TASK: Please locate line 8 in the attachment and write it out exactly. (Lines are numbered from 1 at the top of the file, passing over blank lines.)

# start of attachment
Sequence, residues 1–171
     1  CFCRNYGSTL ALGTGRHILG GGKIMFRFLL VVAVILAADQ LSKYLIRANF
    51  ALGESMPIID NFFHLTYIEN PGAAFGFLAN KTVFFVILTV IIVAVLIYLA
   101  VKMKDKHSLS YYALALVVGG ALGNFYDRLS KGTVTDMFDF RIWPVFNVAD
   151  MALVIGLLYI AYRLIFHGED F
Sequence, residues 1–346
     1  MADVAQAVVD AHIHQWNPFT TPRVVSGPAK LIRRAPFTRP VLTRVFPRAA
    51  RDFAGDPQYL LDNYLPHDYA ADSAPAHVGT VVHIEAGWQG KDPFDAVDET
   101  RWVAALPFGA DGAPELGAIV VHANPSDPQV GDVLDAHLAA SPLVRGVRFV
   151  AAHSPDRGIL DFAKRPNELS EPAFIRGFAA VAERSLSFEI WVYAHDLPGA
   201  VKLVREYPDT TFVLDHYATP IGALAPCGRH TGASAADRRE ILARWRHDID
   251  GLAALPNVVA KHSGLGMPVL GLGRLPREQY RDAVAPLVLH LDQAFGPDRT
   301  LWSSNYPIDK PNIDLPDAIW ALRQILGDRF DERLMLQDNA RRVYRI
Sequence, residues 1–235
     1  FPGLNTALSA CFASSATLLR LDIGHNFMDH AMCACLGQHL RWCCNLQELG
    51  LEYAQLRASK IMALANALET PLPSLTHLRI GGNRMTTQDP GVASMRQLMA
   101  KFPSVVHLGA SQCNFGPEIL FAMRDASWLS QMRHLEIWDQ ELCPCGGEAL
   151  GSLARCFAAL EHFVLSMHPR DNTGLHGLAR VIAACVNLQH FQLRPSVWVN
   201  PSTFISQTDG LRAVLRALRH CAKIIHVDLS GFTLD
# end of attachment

    51  RDFAGDPQYL LDNYLPHDYA ADSAPAHVGT VVHIEAGWQG KDPFDAVDET